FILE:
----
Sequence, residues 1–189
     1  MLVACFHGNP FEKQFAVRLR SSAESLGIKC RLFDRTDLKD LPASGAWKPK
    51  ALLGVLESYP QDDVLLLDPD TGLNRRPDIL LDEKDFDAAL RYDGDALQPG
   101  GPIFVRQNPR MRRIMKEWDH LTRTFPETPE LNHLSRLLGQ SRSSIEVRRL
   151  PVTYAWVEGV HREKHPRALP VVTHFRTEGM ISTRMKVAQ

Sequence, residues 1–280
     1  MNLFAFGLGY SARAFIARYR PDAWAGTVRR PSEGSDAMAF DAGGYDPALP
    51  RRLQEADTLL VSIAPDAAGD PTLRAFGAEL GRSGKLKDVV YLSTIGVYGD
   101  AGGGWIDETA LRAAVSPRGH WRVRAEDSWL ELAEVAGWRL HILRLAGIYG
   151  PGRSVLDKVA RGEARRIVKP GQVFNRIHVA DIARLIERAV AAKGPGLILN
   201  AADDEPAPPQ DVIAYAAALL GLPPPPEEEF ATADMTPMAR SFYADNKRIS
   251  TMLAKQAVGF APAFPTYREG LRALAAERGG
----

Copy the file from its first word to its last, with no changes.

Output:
Sequence, residues 1–189
     1  MLVACFHGNP FEKQFAVRLR SSAESLGIKC RLFDRTDLKD LPASGAWKPK
    51  ALLGVLESYP QDDVLLLDPD TGLNRRPDIL LDEKDFDAAL RYDGDALQPG
   101  GPIFVRQNPR MRRIMKEWDH LTRTFPETPE LNHLSRLLGQ SRSSIEVRRL
   151  PVTYAWVEGV HREKHPRALP VVTHFRTEGM ISTRMKVAQ

Sequence, residues 1–280
     1  MNLFAFGLGY SARAFIARYR PDAWAGTVRR PSEGSDAMAF DAGGYDPALP
    51  RRLQEADTLL VSIAPDAAGD PTLRAFGAEL GRSGKLKDVV YLSTIGVYGD
   101  AGGGWIDETA LRAAVSPRGH WRVRAEDSWL ELAEVAGWRL HILRLAGIYG
   151  PGRSVLDKVA RGEARRIVKP GQVFNRIHVA DIARLIERAV AAKGPGLILN
   201  AADDEPAPPQ DVIAYAAALL GLPPPPEEEF ATADMTPMAR SFYADNKRIS
   251  TMLAKQAVGF APAFPTYREG LRALAAERGG